- New Castle, Delaware: Oak Knoll Press, 2017.
- 7.375 x 10.5 inches
- hardcover, dust jacket
- 384 pages
- ISBN: 1584563680
- ISBN: 9781584563686
Price: $95.00 other currencies
Order Nr. 129111
"In this lavishly illustrated study, Margit J. Smith uncovers the largely untold story of a very different model of medieval book use: she has written the definitive account of the 'girdle book', a small, portable volume designed for quick access and consultation. ...In this intriguing study, Smith helps us to see the book as a mobile commodity long before our own era of supposedly short attention spans."
- Eve Houghton,TLS, April 6, 2018
Between the 14th and 16th centuries a little-known book format, now called the girdle book, was used throughout various European countries. The girdle book is distinguished by a cover that extends beyond the limits of the book itself and may end in a knot, hook or ring, or may be left ungathered. By this extension the book was hung from the belt with its head down, so when swung up it could be read without detaching it from the belt.
Today there are only twenty-six known examples identified and documented in collections worldwide. In The Medieval Girdle Book, the author provides a comprehensive look at these extremely rare books. A study of this scope, which contributes significantly to the information available has been lacking until now and makes this the first thorough treatment of all so far known girdle books.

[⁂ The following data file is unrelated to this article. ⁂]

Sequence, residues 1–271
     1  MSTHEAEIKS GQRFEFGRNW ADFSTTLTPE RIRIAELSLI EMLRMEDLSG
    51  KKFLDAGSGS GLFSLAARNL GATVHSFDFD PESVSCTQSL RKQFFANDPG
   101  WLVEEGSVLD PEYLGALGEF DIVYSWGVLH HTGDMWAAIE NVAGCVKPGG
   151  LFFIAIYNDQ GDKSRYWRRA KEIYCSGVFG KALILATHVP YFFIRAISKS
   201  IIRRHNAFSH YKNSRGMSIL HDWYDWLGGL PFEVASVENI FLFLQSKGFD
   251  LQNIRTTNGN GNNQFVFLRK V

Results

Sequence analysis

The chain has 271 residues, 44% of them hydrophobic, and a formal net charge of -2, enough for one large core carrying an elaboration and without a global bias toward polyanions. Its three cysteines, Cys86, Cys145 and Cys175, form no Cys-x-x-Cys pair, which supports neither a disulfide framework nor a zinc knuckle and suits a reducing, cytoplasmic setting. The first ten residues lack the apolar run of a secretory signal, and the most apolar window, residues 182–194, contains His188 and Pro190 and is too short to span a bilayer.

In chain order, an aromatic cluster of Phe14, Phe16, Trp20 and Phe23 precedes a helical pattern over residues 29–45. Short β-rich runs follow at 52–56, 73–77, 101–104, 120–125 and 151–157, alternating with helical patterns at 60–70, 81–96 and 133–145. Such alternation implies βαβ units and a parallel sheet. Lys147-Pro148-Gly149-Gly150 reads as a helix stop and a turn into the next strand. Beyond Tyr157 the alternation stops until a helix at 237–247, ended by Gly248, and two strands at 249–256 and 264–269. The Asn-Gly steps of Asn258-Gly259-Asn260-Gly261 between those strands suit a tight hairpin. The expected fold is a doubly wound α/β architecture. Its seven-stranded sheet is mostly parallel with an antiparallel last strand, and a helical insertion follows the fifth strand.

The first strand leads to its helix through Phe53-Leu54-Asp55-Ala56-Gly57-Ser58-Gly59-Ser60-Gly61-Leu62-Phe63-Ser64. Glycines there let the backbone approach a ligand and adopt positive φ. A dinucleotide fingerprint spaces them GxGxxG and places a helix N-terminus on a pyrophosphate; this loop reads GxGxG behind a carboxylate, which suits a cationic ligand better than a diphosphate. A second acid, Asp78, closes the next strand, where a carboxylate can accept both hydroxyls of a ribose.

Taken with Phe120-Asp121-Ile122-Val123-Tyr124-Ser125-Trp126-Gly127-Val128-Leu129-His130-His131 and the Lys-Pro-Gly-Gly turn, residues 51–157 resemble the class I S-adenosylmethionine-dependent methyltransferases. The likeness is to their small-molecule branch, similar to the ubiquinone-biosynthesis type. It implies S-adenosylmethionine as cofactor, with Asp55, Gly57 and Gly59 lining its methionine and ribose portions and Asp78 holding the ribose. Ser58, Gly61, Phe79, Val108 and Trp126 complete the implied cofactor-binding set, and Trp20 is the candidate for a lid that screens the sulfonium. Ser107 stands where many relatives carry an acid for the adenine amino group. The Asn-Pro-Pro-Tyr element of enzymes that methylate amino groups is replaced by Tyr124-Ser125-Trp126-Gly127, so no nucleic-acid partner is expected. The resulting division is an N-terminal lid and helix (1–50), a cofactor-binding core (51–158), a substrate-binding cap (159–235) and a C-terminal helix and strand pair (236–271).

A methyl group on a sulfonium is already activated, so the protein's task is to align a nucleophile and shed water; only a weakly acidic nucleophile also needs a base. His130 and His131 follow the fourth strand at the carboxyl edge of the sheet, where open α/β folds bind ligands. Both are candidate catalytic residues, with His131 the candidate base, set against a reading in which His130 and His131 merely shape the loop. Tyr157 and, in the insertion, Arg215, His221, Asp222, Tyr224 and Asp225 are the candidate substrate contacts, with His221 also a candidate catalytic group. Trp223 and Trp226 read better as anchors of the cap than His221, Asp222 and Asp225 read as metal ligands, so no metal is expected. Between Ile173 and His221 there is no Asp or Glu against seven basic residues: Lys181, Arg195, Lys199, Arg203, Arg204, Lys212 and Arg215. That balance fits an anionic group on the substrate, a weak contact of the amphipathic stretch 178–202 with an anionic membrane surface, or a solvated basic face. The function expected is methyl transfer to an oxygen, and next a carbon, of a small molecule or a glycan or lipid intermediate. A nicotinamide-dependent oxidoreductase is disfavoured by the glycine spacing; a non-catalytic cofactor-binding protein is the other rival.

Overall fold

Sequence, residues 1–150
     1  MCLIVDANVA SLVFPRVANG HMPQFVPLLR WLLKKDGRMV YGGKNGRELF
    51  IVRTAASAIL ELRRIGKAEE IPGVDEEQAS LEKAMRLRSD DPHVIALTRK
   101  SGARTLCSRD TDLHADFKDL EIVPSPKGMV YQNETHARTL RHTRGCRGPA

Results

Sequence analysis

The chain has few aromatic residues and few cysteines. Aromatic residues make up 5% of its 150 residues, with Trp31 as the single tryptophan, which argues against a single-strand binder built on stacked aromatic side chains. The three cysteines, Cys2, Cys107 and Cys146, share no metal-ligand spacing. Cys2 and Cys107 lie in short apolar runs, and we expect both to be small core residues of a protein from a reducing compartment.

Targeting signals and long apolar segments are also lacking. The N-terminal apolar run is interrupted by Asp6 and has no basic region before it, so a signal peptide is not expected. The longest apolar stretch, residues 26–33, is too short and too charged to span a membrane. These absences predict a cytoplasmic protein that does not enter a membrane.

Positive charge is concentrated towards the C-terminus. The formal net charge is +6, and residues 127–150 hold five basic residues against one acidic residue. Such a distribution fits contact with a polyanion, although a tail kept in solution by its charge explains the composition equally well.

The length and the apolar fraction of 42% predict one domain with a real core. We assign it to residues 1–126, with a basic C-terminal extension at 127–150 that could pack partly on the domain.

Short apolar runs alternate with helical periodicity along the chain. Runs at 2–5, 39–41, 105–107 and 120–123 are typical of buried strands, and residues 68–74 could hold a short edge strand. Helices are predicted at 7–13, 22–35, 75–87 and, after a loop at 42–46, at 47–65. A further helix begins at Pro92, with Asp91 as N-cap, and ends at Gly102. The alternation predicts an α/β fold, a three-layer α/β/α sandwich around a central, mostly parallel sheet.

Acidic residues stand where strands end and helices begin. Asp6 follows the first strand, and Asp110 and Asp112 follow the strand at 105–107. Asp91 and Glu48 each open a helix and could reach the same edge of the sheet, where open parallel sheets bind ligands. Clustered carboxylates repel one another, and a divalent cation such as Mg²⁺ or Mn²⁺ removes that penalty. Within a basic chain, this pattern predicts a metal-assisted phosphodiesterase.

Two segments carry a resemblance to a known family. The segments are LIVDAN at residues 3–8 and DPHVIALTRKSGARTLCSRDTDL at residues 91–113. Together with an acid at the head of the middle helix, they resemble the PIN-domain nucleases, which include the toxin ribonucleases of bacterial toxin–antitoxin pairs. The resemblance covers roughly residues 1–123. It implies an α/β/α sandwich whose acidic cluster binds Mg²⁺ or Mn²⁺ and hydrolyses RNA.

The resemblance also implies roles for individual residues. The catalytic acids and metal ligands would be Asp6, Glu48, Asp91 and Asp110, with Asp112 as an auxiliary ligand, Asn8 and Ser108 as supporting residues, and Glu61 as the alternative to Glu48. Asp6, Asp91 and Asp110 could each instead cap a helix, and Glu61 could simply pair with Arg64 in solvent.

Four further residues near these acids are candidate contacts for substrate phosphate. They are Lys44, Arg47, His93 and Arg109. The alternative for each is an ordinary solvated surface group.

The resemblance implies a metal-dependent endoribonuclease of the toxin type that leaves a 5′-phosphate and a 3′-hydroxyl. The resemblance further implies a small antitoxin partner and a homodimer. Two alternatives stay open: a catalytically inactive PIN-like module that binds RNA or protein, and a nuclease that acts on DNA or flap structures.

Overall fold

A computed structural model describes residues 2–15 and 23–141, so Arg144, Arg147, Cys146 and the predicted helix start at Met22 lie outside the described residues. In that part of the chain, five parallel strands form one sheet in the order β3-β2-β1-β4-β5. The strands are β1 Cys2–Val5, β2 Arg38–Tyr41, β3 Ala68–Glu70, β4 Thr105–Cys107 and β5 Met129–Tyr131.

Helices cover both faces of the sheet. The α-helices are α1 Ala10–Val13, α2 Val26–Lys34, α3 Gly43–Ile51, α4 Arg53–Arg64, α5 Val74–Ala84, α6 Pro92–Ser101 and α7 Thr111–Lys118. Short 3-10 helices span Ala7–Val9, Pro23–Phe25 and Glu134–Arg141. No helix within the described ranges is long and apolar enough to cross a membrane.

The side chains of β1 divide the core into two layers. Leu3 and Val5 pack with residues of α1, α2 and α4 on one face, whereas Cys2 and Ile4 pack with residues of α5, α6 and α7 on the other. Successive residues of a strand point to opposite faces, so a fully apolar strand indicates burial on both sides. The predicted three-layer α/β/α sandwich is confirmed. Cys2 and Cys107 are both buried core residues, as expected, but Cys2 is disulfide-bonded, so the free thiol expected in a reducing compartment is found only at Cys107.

The author has examined each book in detail, documented its historical context, provenance, owner(s) or institutions associated with it, and described each from the bookbinder's perspective, including the materials and processes of their construction. Contrary to previous assumptions that only clerics and the religious used girdle books, The Medieval Girdle Book shows they also contain legal, medical, and philosophical contents.
This book is illustrated with more than 290 color photographs taken by the author or reproduced from contemporary works of art to show their use during the Middle Ages.
Margit Smith is a librarian and hand bookbinder. She retired in 2010 from the Helen K. and James S. Copley Library at the University of San Diego, CA, after nearly twenty years as Head of Cataloging and Preservation.